I also have a document for purely generating ideas as well

the list goes on and on

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Thanks for sharing. I’ve always taken notes on paper but its hard indexing and searching through notepads. I’ve tried using OneNote since its used extensively where I work, but I just find it not pleasing to work with. I fell back to using Word documents and its allows for searching and automatic table of contents generation but it fights you at all steps in the process. I relunctantly keep using Word but I’m going to give Dynalist a try, so far it looks like everything I need. Thanks again FCC community! the sharing is incredible!.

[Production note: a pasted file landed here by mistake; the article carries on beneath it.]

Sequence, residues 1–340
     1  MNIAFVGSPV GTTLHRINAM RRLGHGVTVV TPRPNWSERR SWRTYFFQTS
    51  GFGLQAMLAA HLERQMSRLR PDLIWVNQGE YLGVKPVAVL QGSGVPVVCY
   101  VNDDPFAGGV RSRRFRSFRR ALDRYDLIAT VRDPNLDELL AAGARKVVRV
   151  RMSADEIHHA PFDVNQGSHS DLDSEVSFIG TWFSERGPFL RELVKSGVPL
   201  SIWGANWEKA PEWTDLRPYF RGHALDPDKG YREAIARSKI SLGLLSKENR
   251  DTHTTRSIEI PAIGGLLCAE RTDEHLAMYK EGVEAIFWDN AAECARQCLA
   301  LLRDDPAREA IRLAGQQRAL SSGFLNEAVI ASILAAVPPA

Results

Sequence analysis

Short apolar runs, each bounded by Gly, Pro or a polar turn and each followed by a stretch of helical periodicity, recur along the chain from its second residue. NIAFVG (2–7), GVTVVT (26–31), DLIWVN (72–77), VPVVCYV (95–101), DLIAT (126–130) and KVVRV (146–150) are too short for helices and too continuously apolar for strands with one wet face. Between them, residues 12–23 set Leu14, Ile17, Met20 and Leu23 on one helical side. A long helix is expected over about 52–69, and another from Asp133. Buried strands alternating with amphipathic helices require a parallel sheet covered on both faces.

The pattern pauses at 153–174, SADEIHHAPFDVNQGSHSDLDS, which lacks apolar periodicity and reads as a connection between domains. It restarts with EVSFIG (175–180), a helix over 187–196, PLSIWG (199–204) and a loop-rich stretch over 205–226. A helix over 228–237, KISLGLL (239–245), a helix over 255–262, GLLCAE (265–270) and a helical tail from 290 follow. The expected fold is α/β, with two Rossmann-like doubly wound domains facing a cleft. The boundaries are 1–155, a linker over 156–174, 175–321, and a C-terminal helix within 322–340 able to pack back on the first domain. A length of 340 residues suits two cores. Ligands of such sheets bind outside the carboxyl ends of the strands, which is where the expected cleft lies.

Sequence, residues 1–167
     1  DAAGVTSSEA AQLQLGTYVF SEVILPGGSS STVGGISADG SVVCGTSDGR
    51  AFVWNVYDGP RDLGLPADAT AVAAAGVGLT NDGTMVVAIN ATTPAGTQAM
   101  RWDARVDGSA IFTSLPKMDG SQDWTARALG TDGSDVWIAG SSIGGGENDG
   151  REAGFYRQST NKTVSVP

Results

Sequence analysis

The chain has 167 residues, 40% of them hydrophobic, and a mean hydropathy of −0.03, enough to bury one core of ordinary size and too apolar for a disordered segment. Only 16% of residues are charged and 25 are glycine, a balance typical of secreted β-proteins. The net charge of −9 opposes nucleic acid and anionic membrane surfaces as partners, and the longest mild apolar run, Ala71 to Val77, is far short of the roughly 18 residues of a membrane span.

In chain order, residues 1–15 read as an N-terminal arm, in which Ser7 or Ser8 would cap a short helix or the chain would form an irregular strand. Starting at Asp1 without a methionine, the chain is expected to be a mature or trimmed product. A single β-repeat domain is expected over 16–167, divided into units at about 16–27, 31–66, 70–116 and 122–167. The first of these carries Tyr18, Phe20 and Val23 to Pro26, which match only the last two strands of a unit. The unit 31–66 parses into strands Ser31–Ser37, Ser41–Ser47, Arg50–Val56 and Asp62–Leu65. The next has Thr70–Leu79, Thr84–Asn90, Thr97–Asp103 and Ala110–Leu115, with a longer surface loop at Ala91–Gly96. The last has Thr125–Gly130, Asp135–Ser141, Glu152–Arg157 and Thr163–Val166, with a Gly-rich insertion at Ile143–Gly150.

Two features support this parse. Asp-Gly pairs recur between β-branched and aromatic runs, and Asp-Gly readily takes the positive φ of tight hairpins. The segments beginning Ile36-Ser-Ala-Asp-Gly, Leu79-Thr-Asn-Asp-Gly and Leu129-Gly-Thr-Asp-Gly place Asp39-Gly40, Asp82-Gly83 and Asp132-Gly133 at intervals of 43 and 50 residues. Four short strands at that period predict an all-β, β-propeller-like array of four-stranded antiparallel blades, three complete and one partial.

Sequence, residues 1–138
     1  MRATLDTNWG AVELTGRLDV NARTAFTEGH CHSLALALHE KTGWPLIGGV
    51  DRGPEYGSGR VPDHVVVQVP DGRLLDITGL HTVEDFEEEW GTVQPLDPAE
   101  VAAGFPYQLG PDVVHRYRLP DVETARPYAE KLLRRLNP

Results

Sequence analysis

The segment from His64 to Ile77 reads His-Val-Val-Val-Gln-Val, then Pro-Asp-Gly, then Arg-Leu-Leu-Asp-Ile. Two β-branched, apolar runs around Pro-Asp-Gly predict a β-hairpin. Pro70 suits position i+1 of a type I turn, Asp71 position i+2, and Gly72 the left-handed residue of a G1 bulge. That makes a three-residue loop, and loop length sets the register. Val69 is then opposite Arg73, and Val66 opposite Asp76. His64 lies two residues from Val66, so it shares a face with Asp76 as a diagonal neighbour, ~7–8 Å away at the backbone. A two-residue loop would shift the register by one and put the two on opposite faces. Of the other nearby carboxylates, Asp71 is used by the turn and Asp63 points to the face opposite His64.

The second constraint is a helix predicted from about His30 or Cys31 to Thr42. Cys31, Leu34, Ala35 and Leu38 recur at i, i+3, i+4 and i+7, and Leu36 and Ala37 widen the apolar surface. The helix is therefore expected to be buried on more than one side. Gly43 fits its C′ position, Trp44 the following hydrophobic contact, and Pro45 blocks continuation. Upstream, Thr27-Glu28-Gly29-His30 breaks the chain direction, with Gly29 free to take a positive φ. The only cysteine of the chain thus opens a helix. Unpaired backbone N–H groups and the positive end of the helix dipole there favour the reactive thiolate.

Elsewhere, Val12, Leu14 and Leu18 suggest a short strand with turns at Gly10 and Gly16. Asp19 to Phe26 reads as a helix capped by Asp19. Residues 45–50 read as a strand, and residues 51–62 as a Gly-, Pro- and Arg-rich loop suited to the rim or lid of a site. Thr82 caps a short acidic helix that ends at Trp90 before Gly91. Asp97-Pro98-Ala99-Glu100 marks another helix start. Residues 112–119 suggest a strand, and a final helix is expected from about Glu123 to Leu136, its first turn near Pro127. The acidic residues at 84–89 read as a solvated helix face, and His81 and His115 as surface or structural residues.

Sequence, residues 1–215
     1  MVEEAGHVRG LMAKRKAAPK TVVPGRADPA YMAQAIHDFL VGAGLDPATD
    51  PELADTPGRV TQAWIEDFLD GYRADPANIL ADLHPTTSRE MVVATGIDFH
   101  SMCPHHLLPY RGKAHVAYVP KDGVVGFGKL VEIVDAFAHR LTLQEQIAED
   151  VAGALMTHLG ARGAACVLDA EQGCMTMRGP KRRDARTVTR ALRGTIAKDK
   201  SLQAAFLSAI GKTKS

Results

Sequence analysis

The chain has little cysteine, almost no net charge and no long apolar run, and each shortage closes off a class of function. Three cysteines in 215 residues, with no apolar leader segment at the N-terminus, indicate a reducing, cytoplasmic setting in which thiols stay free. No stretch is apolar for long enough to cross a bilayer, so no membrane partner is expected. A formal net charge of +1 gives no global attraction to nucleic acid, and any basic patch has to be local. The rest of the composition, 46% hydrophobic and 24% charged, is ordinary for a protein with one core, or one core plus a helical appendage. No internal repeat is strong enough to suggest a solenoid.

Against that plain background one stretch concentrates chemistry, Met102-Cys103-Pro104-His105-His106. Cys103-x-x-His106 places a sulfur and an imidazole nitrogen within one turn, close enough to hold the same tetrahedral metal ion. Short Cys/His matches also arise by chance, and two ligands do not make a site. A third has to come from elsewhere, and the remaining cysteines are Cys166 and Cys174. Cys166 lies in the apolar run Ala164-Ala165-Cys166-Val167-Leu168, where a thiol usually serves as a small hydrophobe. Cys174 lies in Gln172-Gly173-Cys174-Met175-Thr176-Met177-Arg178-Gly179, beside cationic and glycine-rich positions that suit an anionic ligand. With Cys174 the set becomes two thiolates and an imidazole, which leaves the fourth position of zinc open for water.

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I’ve been a long time user of both evernote and onenote and also have read many books / videos on these topics, but I found both of them to be lacking and overshadowed by newer generation of notetaking apps

Onenote kind of suffers in that it takes far too long to navigate around documents. It also has very loose formatting rules that sounds great on paper (can format any type of notes) but becomes a huge mess when you scale things upwards. Searching in onenote doesn’t give many contextual clues either, the whole search area is only a small window at the topright.

Working with multiple word docs becomes a huge pain to manage as well.

Another good thing I like about dynalist, is that if I don’t like some notes I added (e.g. poorly formatted notes), I just collapse them from view so I no longer see it and rewrite those notes over again. This tends to happen all the time when I take course notes, since I contextually have no idea how the lecturer organizes their notes until after the fact.